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The Fever

Audience Review

Release Date

2007 (India)
17 Jan 2007 (WorldWide)

The Fever Story

The Fever is a psychological drama produced by HBO Films, and directed by Carlo Gabriel Nero and based on a 1990 eponymous play by writer/actor, Wallace Shawn. The film follows the existential crisis of an unnamed urban sophisticate (Vanessa Redgrave) who becomes aware of the nature of world politics, economic exploitation and the vapid consumerism around her.

A series of events lead her to visit an unnamed third world country, representing an exotic location somewhere in Eastern Europe, where the entire economy and populace are geared towards the tourist industry.

Even as she enjoys the rare taste of its products she is made starkly aware of the reality behind the façade by a journalist (Michael Moore) who, subsequently, suggests a visit to the country's war-torn neighbour in order to experience a true picture of life in the region. She does so and her life is changed forever.

Once back, and now acutely attuned to the world about her, she can no longer fit back into her old elitist and consumer-driven lifestyle; watching operas, discussing art and theatre with friends, shopping for "beautiful things" and aggrandizing her trifling everyday struggles, all seem meaningless to her compared with her recent macro epiphany.

Compared with the global struggle for existence, her life begins to feel insignificant. Having lived in the bubble her guilt-free, pleasure-filled, life she is now challenged to “look beyond comfort” and soon finds herself in the throes of a moral dilemma, questioning the moral consistency of her own life and the choices that have had an impact on the lives of the poor in far corners of the globe.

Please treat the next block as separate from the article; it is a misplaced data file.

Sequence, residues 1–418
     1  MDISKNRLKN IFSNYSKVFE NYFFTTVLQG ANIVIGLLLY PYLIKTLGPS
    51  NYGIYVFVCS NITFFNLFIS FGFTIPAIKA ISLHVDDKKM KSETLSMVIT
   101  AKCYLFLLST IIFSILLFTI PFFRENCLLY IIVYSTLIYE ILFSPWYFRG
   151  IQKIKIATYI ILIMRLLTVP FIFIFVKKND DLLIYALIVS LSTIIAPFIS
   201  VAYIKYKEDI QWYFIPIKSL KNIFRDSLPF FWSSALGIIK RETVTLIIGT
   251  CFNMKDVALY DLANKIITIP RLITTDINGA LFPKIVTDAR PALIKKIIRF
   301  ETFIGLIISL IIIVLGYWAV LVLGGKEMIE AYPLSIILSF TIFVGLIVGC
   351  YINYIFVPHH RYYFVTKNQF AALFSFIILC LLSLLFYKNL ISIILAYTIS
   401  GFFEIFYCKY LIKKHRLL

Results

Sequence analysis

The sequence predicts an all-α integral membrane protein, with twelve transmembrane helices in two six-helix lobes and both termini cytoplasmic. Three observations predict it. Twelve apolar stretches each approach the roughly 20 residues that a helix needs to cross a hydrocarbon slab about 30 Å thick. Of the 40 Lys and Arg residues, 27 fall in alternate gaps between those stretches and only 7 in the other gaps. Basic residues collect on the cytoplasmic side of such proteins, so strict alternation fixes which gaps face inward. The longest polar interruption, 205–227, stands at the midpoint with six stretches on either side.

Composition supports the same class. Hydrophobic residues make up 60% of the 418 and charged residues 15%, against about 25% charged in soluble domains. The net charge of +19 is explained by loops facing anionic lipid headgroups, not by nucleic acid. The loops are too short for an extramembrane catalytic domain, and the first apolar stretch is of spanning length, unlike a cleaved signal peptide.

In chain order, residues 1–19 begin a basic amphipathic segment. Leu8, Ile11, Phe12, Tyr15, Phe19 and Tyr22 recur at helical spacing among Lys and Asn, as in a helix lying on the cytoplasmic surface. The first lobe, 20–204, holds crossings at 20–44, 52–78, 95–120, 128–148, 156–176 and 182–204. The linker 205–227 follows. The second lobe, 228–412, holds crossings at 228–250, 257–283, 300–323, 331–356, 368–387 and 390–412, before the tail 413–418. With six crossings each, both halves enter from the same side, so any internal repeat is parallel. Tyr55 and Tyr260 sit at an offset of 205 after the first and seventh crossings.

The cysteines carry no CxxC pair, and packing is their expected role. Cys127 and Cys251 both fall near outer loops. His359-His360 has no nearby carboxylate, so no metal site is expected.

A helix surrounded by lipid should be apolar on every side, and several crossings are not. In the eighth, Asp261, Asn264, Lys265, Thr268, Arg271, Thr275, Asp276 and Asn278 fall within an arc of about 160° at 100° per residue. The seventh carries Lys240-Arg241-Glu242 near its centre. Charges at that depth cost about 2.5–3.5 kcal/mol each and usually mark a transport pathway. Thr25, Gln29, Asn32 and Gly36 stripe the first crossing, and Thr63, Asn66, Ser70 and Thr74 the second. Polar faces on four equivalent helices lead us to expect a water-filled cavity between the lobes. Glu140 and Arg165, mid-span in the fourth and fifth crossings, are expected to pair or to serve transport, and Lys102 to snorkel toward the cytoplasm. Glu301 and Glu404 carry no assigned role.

She feels that she cannot be truly free having apprehended this ‘new’ reality, which confronts her blindness to the harsh truths of the class struggle and her sense of entitlement, which had, in the past, been broken, only occasionally, by displays of sympathy.

She returns to the war-torn nation to explore her feelings further, this new reality now drawing her ever deeper. This leads to a delirious bout of fever in a run-down hotel where her inner-self challenges her need for comfort and entitlement, culminating in a moment of spiritual awakening and a perceived 'oneness' with all reality.

Finally she sees the truth about her own life and her innate connection with every human being, apprehending the transient nature of her material life. She can no longer sit, immersed in her personal comforts and vanity, or "clean sheets" as she terms it, and pretend it’s all right when the world around her is filled with strife and exploitation for millions of people.

She is lustrated of her previous immunity towards their predicament and is, by extension, finally able to see the truth of own life, as summarised by film's 'tag-line': Enlightenment Can Be Brutal.

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